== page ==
U.S. stocks eked out gains today even after a reading on November retail sales missed expectations. Equities resiliency in the face of the report was likely due to the details emerging on the U.S.-China “phase one” trade deal.
President Trump indicated that the deal includes “many structural changes and massive purchases of agricultural, energy and manufactured goods,” as well as a halt on the December 15 tariffs. However, the 25% tariffs will remain on $250 billion in Chinese imports and 7.5% will be put on much of the remaining imports.
The U.K. election resulted in a win for the Conservative Party. The win offers some continuity for the nation as it continues to grapple with Brexit. The results sent the British pound soaring verses both the dollar and euro.
Consequently, the dollar index was lower, but the dollar did gain ground on a majority of its major peers even as U.S. Treasury yields tumbled.
The Dow Jones Industrial Average was up 3 points to 28,015
The S&P 500 Index was up fractionally to 3,169
The Nasdaq Composite gained 18 points (0.2%) to 8,735
844 million shares were traded on the NYSE and 2.2 billion shares changed hands on the Nasdaq
WTI crude oil added $0.89 to $60.07 per barrel and wholesale gasoline was $0.03 higher to $1.66 per gallon
The Bloomberg gold spot price increased $8.90 to $1481.20 per ounce
The Dollar Index—a comparison of the U.S. dollar to six major world currencies—fell 0.2% to 97.19
Markets were up for the week, as the DJIA added 0.4%, the S&P 500 Index advanced 0.7% and the Nasdaq Composite led the way with a 0.9% gain
Retail sales miss, import price inflation mixed
Advance retail sales for November rose 0.2% month-over-month, versus the Bloomberg forecast of a 0.5% increase, and October’s 0.3% gain was revised to a 0.4% increase. Last month’s sales ex-autos ticked 0.1% higher m/m, compared to expectations of a 0.4% gain and October’s upwardly-revised 0.3% rise. Sales ex-autos and gas came in flat m/m, compared to estimates of a 0.4% gain, and October’s 0.1% increase was adjusted to a 0.2% rise.
Treasuries were solidly higher on the day with the yield on the 2-year note declining 5 basis points to 1.60%, the yield on the 10-year note falling 8 bps to 1.82% and the 30-year yield dropping 6 bps to 2.26%.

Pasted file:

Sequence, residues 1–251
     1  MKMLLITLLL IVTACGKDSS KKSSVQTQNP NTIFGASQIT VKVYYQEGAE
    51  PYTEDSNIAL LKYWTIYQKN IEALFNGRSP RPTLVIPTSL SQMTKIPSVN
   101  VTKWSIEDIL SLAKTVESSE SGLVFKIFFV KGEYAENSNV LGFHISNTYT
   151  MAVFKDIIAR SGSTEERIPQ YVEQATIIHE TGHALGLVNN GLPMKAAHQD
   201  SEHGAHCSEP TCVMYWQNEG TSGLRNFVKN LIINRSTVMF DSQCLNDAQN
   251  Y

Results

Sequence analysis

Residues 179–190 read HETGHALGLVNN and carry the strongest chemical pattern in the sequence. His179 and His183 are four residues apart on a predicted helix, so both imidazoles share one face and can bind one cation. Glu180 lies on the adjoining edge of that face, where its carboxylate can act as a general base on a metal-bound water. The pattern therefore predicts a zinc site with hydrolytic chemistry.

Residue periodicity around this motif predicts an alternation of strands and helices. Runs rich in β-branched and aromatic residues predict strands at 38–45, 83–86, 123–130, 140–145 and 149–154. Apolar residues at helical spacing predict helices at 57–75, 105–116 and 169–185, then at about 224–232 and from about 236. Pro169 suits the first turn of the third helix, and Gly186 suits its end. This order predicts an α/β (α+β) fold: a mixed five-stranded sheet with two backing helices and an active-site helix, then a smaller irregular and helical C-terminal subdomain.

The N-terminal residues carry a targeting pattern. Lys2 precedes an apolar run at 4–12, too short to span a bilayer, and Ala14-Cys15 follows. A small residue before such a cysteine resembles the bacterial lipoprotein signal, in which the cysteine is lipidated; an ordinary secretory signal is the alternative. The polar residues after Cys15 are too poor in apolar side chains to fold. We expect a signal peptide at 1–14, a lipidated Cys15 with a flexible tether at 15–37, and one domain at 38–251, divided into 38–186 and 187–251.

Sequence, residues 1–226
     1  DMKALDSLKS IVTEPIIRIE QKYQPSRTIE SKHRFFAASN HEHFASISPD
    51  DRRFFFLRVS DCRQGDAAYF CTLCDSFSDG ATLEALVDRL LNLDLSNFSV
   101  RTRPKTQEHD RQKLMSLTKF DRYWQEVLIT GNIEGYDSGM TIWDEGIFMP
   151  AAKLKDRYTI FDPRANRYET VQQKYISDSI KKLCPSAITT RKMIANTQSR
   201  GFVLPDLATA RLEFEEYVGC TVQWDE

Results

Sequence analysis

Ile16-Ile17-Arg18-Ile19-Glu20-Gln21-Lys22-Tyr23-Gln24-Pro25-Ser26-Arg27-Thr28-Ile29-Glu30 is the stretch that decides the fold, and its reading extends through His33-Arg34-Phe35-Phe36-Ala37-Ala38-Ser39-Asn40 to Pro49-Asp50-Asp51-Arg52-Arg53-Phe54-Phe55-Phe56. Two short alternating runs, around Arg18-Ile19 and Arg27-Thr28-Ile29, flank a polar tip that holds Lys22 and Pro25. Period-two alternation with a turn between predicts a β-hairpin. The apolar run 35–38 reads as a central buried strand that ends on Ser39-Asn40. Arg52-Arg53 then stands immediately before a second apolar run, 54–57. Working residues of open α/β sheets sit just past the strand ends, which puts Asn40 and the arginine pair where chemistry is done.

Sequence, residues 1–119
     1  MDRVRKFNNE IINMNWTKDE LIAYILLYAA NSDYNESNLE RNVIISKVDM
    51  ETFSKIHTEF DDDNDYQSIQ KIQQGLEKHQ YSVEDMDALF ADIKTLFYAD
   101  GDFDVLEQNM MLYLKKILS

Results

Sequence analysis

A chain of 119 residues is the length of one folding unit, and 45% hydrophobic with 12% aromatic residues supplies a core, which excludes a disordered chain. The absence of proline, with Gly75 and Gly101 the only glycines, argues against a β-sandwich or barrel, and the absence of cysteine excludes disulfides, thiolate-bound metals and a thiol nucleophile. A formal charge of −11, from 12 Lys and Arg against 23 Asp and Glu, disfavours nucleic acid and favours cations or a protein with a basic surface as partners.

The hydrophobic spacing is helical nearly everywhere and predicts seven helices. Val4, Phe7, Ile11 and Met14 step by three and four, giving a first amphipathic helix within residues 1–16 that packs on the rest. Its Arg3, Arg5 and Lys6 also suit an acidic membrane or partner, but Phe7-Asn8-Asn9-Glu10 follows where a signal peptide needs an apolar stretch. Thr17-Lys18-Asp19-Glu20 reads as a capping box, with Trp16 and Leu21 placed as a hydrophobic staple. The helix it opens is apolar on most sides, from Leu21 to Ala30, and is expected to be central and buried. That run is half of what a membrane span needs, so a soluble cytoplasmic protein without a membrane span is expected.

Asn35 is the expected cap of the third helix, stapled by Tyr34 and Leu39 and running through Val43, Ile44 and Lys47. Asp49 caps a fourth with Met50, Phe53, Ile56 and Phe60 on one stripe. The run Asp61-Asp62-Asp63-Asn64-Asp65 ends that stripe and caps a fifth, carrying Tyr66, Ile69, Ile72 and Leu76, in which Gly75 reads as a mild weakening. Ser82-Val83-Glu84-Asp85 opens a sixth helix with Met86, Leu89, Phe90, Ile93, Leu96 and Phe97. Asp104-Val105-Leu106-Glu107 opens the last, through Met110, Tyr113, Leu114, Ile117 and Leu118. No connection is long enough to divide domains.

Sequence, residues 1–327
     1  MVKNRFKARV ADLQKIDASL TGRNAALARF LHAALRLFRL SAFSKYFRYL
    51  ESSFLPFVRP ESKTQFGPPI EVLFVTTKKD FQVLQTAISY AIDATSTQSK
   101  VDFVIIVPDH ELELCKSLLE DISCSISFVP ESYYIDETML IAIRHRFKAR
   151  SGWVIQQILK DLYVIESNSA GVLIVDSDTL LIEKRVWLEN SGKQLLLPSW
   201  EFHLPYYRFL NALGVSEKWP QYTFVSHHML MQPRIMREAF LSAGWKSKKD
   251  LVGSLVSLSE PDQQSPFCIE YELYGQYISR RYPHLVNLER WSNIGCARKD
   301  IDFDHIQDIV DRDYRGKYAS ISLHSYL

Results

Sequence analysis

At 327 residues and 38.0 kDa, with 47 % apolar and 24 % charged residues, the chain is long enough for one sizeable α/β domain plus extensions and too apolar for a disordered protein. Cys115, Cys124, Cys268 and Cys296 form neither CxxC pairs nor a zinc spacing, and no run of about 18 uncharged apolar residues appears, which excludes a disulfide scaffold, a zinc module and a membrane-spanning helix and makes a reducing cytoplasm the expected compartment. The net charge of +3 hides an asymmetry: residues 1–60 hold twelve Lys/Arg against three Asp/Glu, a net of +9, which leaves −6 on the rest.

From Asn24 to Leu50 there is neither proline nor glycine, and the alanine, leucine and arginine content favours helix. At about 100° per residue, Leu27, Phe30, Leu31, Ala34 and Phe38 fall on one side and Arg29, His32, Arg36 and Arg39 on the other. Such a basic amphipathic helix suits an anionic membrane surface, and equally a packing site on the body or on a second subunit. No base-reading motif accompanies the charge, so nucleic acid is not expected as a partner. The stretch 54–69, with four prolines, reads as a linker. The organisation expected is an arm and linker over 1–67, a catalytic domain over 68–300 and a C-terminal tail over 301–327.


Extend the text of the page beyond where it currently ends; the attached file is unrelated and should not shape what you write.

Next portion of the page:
The Import Price Index increased 0.2% m/m for November, matching projections, and following October’s unrevised 0.5% decline. Compared to last year, prices dropped 1.3%, compared to forecasts of a 1.2% decline and October’s unrevised 3.0% fall.
U.K markets cheer election results; Europe mixed; Asia higher
European equities finished mixed, with the markets trimming an early advance. U.K. stocks rallied on the general election results that showed Prime Minister Boris Johnson’s Conservative Party winning in decisive fashion. The election results means a “soft Brexit,” is likely, allowing the U.K. to leave the EU with a deal that avoids trade disruption for the next year, and potentially reducing downside risks to the global economy. The British pound surged versus the U.S. dollar on the news. Bond yields in Europe were lower, but did not fall as much as yields in the U.S.
The U.K. FTSE 100 Index rallied 1.1%, Germany’s DAX Index gained 0.6%, France’s CAC-40 Index rose 0.5%, and Spain’s IBEX 35 Index advanced 1.0%, while Switzerland’s Swiss Market Index fell 0.2% and Italy’s FTSE MIB Index decreased 0.3%.
Asian stocks rallied broadly. Equities in the trade sensitive region were bolstered by details emerging that the U.S. and China are closing in on a “phase one” trade deal.
Japan’s Nikkei 225 Index jumped 2.6%, with the yen falling decisively, and even as the nation’s Q4 Tankan Large Manufacturing Index fell more than expected. However, the Tankan non-Manufacturing Index came in at a higher-than-projected level. China’s Shanghai Composite Index rose 1.8% and the Hong Kong Hang Seng Index rallied 2.6%. Australia’s S&P/ASX 200 Index rose 0.5%, South Korea’s Kospi Index advanced 1.5% and India’s S&P BSE Sensex 30 Index traded 1.1% to the upside.
Stocks continue to grind higher as uncertainties ease
Some key uncertainties eased, helping the S&P 500 Index post the ninth weekly gain out of ten. Trade cooled on multiple fronts with the long-elusive U.S., Mexico, Canada trade agreement (USMCA) getting the go ahead for a House vote, while a “phase one” U.S.-China deal finally was confirmed by the world’s two largest economies.
The markets found support from the monetary policy front as well, with the Fed signaling that it will likely be on hold through next year and the European Central Bank sticking to its highly accommodative monetary policy stance.
Another positive catalyst came in the form of a worst-case U.K. Brexit scenario being taken off the table by the decisive victory for Prime Minister Boris Johnson. However, the weekly advance seemed be kept in check as the U.S.-China deal appeared to not deliver a deep enough rollback of existing tariffs, and global economic data remained mixed. For the week, the U.S. dollar fell, Treasury yields and gold slipped, and crude oil prices modestly extended last week OPEC-fueled rally.
Most sectors were higher to close out the week, with tech stocks leading the way on the cooled trade uncertainties, along with energy, financials and consumer discretionary sectors. But real estate issues were noticeable underperformers.
With the Fed out of the way, trade uncertainty easing, and Brexit concerns soothed, next week the economic calendar will likely generate heightened attention. Housing will be in focus, as the NAHB Housing Market Index, housing starts and building permits, and existing home sales will hit the tape, while we will get final revisions to Q3 GDP and the December University of Michigan Consumer Sentiment Index.